Mar. 1, 2001
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Poem: "Hitchhiker," by Galway Kinnell, from Imperfect Thirst (Houghton Mifflin).
After a moment, the driver, a salesman
for Travelers Insurance heading for
Topeka, said, "What was that?"
I, in my Navy Uniform, still useful
for hitchhiking though the war was over,
said, "I think you hit somebody."
I knew he had. The round face, opening
in surprise as the man bounced off the fender,
had given me a look as he swept past.
"Why didn't you say something?" The salesman
stepped hard on the brakes. "I thought you saw,"
I said. I didn't know why. It came to me
I could have sat next to this man all the way
to Topeka without saying a word about it.
He opened the door and looked back.
I did the same. At the roadside,
in the glow of a streetlight, was a body.
A man was bending over it. For an instant
it was myself, in a time to come,
bending over the body of my father.
The man stood and shouted at us, "Forget it!
He gets hit all the time!" Oh.
A bum. We were happy to forget it.
The rest of the way, into dawn in Kansas,
when the salesman dropped me off, we did not speak,
except, as I got out, I said, "Thanks,"
and he said, "Don't mention it."
It's the birthday of English novelist Jim Crace, born in Hertfordshire, England (1946). He's the author of many novels, including Continent (1987), Arcadia (1992), Quarrantine (1997), and his most recent, Being Dead (2000), which starts off with the murder of two middle-aged lovers on a remote beach.
It's the birthday of American poet Robert Hass, born in San Francisco (1942), the author of six collections of poetry, and translator of the work of Czeslaw Milosz.
It's the birthday of poet Richard Wilbur, born in New York City (1921).
It's the birthday of poet, novelist, and critic Howard Nemerov, born in New York (1920).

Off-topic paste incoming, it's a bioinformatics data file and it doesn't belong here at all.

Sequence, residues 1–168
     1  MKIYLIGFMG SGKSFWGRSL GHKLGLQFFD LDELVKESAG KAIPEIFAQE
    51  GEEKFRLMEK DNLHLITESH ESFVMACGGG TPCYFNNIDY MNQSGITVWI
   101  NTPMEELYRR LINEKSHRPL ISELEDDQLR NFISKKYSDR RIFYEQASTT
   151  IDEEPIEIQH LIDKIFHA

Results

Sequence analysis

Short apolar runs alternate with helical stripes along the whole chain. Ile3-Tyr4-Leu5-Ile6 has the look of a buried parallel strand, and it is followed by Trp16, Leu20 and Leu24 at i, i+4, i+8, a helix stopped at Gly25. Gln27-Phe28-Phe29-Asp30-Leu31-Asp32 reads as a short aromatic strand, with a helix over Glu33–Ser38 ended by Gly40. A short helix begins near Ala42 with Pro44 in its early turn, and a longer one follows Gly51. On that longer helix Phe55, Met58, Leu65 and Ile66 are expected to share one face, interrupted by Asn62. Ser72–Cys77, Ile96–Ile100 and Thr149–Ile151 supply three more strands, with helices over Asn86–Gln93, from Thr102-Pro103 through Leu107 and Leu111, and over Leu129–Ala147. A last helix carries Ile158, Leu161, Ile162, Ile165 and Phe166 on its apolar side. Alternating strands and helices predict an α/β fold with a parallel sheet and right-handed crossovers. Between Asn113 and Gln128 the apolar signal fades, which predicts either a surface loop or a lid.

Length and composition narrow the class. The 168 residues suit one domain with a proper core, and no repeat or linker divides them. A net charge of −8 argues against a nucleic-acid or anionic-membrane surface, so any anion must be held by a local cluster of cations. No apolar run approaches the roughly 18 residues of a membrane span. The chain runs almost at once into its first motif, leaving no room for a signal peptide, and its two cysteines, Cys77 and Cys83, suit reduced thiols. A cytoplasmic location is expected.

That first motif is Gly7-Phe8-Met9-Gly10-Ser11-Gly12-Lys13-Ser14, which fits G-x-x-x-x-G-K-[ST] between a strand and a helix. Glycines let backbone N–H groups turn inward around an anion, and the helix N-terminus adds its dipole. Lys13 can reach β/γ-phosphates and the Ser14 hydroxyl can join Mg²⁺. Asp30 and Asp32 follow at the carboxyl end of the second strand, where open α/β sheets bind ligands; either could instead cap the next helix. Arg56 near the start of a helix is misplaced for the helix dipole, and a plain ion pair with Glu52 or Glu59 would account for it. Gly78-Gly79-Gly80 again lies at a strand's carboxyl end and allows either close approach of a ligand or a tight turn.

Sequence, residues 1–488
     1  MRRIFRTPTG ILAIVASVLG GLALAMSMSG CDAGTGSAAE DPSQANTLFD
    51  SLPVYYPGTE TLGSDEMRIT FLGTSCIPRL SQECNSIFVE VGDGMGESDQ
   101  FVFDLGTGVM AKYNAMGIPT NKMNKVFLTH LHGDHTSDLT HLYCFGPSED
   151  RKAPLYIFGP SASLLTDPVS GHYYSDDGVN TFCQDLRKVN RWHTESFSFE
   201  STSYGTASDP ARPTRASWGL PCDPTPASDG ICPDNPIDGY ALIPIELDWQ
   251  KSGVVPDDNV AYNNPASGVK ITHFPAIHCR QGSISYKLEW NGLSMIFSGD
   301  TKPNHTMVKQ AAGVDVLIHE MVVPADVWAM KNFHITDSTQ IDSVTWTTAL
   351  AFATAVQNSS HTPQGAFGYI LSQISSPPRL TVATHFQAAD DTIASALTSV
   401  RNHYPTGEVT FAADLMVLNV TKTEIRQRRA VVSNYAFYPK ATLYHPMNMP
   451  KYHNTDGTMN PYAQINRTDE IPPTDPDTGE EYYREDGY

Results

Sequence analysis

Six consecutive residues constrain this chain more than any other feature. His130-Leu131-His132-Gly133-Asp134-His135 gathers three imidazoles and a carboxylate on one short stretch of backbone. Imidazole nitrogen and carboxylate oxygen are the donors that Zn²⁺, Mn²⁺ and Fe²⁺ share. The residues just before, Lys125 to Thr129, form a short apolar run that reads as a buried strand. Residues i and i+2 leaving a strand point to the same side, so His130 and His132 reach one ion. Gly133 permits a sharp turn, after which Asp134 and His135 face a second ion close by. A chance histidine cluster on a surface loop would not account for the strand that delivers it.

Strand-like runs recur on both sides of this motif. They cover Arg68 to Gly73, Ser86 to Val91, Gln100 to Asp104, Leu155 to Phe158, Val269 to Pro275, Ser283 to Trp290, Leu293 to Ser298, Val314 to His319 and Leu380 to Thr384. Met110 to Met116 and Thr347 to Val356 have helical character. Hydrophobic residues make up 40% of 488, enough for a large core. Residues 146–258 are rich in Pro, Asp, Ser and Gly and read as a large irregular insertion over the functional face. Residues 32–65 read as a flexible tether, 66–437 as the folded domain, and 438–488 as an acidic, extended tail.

It's the birthday of novelist Ralph (Waldo) Ellison, born in Oklahoma City (1914). After serving in the Merchant Marine during World War Two, he was invited to spend some time at the home of a friend in Vermont. One day, he sat down at a typewriter and typed out the words, "I am an invisible man." He didn't know where the words would lead him, but they stayed with him, and eventually grew into a 572-page novel, Invisible Man (1952), the story of a young black man who leaves the South for New York. The novel won the National Book Award, and became a classic of American fiction. For the rest of his life, Ellison worked on his second novel, much of which went up in flames in 1967, when his house burned. He spent nearly 3 decades rewriting it, and when he died in 1994 it had grown to 2,000 pages. Ellison's literary executor cut it down to 400 pages, titled it Juneteenth, and released the book in 1999.
On this date in 1872, Yellowstone National Park was createdthe first national park. It covers an area of over two million acres.
It's the birthday of novelist and critic William Dean Howells, born in Martin Ferry, Ohio (1837). He wrote a campaign biography of Lincoln in 1860, and was given an appointment as consul in Venice, where he produced the first of his many travel books. His first novels didn't do very well, but when he turned to realism with The Rise of Silas Lapham (1885), he became a leading novelist. He was a literary mentor of Mark Twain, Thorstein Veblen, and Stephen Crane.
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